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Lecture

GEO2010 Chapter 8 Notes.docx

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Department
Geography
Course
Geography 2010A/B
Professor
Suzanne Greaves
Semester
Fall

Description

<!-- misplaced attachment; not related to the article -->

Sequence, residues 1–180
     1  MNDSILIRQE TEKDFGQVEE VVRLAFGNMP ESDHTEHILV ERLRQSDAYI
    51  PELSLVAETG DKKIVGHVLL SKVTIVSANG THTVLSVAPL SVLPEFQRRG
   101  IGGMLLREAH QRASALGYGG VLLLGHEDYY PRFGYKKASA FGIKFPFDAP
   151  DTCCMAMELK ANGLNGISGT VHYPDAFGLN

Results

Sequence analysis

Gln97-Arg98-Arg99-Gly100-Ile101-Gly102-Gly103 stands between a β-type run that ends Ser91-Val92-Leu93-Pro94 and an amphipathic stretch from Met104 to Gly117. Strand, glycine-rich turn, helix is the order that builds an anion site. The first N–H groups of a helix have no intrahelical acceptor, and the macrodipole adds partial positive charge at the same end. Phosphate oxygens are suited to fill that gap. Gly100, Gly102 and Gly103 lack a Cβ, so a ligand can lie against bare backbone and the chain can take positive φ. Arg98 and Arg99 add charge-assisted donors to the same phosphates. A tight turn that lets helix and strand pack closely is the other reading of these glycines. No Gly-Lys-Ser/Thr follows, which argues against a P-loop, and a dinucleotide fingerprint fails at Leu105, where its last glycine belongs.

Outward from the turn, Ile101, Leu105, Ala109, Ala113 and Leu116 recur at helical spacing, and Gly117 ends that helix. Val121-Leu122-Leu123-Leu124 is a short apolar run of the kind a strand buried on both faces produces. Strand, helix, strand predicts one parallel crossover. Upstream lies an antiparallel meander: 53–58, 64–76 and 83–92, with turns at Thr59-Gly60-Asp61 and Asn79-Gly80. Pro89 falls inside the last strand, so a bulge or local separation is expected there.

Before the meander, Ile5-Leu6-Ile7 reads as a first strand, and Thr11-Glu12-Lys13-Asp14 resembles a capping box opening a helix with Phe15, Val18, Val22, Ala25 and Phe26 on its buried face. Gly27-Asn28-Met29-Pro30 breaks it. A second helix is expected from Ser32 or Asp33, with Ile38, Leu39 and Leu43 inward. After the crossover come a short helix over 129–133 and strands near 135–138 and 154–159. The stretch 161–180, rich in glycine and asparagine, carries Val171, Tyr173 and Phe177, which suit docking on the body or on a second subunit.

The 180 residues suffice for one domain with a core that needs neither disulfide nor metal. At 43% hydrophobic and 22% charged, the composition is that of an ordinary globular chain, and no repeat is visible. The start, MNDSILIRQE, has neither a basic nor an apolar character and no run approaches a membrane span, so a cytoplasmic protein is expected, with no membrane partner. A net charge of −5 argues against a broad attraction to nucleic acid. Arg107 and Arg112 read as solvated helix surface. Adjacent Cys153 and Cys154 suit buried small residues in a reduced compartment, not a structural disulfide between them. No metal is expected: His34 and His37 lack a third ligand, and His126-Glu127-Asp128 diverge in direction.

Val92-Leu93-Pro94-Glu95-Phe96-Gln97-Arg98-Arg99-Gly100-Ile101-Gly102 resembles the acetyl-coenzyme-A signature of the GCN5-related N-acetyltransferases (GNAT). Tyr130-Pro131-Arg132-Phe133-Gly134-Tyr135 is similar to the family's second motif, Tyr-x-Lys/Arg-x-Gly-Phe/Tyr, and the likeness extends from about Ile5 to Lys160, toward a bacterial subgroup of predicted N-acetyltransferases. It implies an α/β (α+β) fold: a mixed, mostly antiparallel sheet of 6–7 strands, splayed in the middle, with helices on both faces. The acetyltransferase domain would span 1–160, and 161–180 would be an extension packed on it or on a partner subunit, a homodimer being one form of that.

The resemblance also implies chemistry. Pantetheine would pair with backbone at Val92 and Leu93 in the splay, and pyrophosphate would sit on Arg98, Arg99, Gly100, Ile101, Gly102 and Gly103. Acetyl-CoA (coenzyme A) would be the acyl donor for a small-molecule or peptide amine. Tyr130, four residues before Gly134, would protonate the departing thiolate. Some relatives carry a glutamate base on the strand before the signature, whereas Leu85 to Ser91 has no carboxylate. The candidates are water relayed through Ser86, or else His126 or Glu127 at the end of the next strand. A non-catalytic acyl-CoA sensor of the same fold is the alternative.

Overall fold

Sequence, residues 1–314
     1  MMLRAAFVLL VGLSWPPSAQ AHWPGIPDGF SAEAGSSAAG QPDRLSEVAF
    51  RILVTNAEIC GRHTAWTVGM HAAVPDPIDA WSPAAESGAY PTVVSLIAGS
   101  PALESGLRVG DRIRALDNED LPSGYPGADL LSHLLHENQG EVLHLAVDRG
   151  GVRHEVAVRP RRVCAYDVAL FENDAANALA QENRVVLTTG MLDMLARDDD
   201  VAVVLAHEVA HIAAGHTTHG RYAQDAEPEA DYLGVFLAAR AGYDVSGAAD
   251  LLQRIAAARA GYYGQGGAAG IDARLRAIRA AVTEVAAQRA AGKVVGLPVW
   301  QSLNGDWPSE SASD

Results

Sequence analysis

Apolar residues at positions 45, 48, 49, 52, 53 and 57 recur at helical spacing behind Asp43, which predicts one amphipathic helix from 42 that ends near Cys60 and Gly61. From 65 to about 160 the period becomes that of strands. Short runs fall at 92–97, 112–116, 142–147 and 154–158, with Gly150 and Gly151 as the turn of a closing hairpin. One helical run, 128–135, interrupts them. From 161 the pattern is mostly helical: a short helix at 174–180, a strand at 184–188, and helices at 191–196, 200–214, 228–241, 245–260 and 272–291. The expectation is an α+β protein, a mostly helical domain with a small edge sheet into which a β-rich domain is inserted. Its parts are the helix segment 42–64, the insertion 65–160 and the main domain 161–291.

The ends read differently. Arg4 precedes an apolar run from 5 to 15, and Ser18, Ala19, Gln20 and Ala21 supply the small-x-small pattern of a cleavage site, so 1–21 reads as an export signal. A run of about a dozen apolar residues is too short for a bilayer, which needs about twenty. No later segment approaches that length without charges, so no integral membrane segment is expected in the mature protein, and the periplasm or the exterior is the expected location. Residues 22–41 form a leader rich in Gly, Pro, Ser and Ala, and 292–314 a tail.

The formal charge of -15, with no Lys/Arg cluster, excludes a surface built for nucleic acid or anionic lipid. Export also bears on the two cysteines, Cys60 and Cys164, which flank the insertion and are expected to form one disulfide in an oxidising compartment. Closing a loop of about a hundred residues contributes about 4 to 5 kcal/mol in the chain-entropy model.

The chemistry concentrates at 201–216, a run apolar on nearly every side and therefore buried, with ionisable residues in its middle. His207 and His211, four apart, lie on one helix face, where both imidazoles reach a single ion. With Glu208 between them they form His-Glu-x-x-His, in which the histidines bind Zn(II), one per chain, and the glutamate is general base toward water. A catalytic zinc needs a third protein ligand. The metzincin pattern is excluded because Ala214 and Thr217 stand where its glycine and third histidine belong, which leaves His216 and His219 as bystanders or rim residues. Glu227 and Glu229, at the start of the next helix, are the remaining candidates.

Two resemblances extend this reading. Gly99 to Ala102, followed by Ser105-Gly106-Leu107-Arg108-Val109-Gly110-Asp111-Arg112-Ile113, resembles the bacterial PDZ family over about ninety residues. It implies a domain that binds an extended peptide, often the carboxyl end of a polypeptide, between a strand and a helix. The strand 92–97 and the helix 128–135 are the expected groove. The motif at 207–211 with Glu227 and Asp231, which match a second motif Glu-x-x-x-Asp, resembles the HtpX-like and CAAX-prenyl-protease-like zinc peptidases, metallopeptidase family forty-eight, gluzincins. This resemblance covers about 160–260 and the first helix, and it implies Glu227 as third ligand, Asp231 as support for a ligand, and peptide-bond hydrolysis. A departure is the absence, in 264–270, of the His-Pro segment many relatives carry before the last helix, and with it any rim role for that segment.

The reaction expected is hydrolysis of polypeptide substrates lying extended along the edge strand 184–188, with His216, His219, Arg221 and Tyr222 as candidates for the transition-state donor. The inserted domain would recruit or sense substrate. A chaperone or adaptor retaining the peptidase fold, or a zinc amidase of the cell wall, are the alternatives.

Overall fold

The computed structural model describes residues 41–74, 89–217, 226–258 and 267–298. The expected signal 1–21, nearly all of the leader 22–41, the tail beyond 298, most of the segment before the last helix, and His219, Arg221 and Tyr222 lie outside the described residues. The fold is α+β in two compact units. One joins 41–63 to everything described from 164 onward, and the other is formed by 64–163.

Chapter 8: Western Canada Western Canada Within Canada  Situated in the vast western interior of North America  Two physiographic regions dominate the landscape – Interior Plains where agriculture takes place and Canadian Shield noted for mining and logging  Water is a scarce resource and the region’s dry continental climate sometimes results in a water deficit  crop failure  Distance to world market has proven to be a major stumbling block to the region’s economic development because of its need to export its surplus energy, food, and mineral resources  Important measure of its economic well-being is Western Canada’s low unemployment rate  Evapotranspiration: part of the water cycle, sum of evaporation of water from the soil to the air and the transpiration of water from plants and its subsequent loss as vapour  Led by Alberta, economic gains in this region are outstripping Ontario and Quebec  While percentage population growth has been greater than that in Quebec over the past decade  Vast majority live in the regional core, an area of major cities / towns / villages located in the southern half of this region Western Canada’s Physical Geography  In the Interior Plains, sedimentary rocks contain valuable deposits of fossil fuels  By value, the 4 leading mineral resources are oil, gas, coal and potash  Western Sedimentary Basin:  Athabasca Tar Sands: largest reservoir of crude bitumen in the world and largest of 3 major oil sands deposits in Alberta (oil sands)  Upgrader: processing plant that breaks large hydrocarbon molecules into smaller ones by increasing H:C ratio, product is supplied to refineries  In the Canadian Shield, rocky terrain makes cultivation virtually impossible  Climate is characterized by cold / dry winters and hot / dry summers  During the winter, Arctic conditions in the Prairies placing region in an Artic deep freeze  Hot dry summer weather results from the northward migration of hot / dry air masses from the Southwest US  Annual precipitation is among the lowest in all regions except the North o Distance from the Pacific Ocean reduces the opportunity of moist Pacific air masses to reach Western Canada o Orographic Uplift: air forced to rise and cool over mountains, if cooling is sufficient water vapour condenses into clouds  Chinooks: dry, warm, downslope wind in the lee of a mountain range, dropped most of its moisture of windward slopes  Alberta Clippers: low pressure system that begins when warm / moist winds from the Pacific Ocean come into contact with the Rocky Mountains and then the winds form a Chinook in southern Alberta, winter storms occur over the Canadian prairies when it becomes entangled with cold Artic air masses  Palliser’s Triangle: area of short-grass natural vegetation in southern Alberta and Saskatchewan, northern extension of Great American Desert and unsuitable for agricultural settlement  Natural vegetation and the soil are largely determined by the evapotranspiration rate  Southern portion has two natural vegetation zones (parkland and grassland) and three chernozemic soil zones (black, dark brown, and brown)  Tall-grass natural vegetation zone and parkland to its north make up area known as the Fertile Belt where farming has been more successful  South of this fertile arc is the area of short-grass natural vegetation and brown chernozemic soils known as the Dry Belt Environmental Challenges  Alberta is benefiting from extraction of their oil sands, the mining operation poses 3 major environmental challenges o Release of GHG to atmosphere is among largest in Canada o Open-pit mining has created a scarred industrial landscape and reclamation process will take time and money o Separating the oil from bitumen requires large amounts of water and resulting waste product is deposited into large toxic tailing ponds  The tailing ponds are used to store the vast quantity of non-renewable water o Since these toxic waters cannot be released into local waters, must be stored in ponds for an indefinite time o Amount of toxic waters is increasing every day o Leakage from ponds have a negative effect  Native communities downstream from tar sands development have experienced health consequences  Tailings: waste / residue from a mining operation  Constant threat of spring floods in Red River Valley  Another challenge is the need to remove the radioactive wastes from the abandoned uranium mines near Lake Athabasca before it seeps into lake  Intensive cattle and hog facilities pose a serious challenge to the environment  Waste from cattle and hogs provide a serious threat to water resources through runoff and infiltration Western Canada’s Historical Geography  Before 1870, when Canada was ceded these lands by the British government, the HBC used this vast territory exclusively for the fur trade  In 1856, the British government and Royal Geographical Society sponsored an expedition into the Canadian West to determine suitability of the Canadian West for agricultural settlement  Great American Deseth: treeless Great Plains as described by American explorers in the 19 century  In 1869, Canada’s new government sent surveyors in the Red River Settlement to prepare a land registry system for the expected influx of settlers  Dominion Land Survey: survey method divided Western Canada into one- square-mile sections to allow ownership of specific land units by homesteaders  Homesteader: settler who obtained land, settlers paid $10 for a quarter section in Western Canada  Key attraction for homesteaders in Western Canada was free land but many settlers were ill-prepared for the harsh continental climate and absence of forests o Arable land in Western Canada lies much further north o Hence, a shorter growing season in the Canadian Prairies affects selection of crops and chances of a successful harvest o Disadvantage of short growing season, grasshoppers, hail, untimely frosts  With the virtual extinction of the buffalo, the Plains Indians could no longer support themselves and were forced to sign treaties and live on reserves  Arrival of land surveyors and settlers led the Metis to mount the Red River Rebellion in 1869  Ottawa sent troops to exert Canada’s control over the new province and settlers began to pour into Manitoba changing demographic balance of power  Treaties with Ottawa offered the Indians prospects for survival and time to find a place in a new economy but treaties also made them wards of the Crown  Living on reserves, Indians were isolated from the evolving Canadian society and became increasingly dependent on federal government  Without the Canadian Pacific Railway, Ottawa feared that the West would be lost to the Americans  Settling of Western Canada marks one of the world’s great migrations and the transformation of the Prairies into an agricultural resource frontier o First wave of homesteaders came from Ontario, Great Britain, and US o Second wave came from continental Europe  Canadian government initiated an aggressive campaign to lure more settlers to Canadian West  Large influx of primarily non-English-speaking immigrants lead to a quite different cultural makeup in Western Canada from that in Central Canada  Isolated still posed a problem for many, land survey system encouraged a dispersed rural population  By early 20 century, a prairie agricultural economy had replaced the Aboriginal hunting one but this commercial economy and its transplanted Euro-Canadians faced severe geographic challenges o Distance to market, high cost of shipping grain long distances o Climate – drought, hail, and frost threatened crops o Short growing season which leaves crops vulnerable to frost damage  Summer Fallow: farming practice of leaving land idle for a year or more to accumulate sufficient soil moisture to produce a crop / restore soil fertility  Shift in the farm economy from a labour-intensive operation to a capital- intensive one  Introduction of machinery changed the way farms were run and reduced the need for farm labour o Further technological changes continued to affect the size of the farm labour force and size of the farms o Consolidating farms into larger and larger units saw the number of farms decline while size of farms increased  Mechanization of agriculture t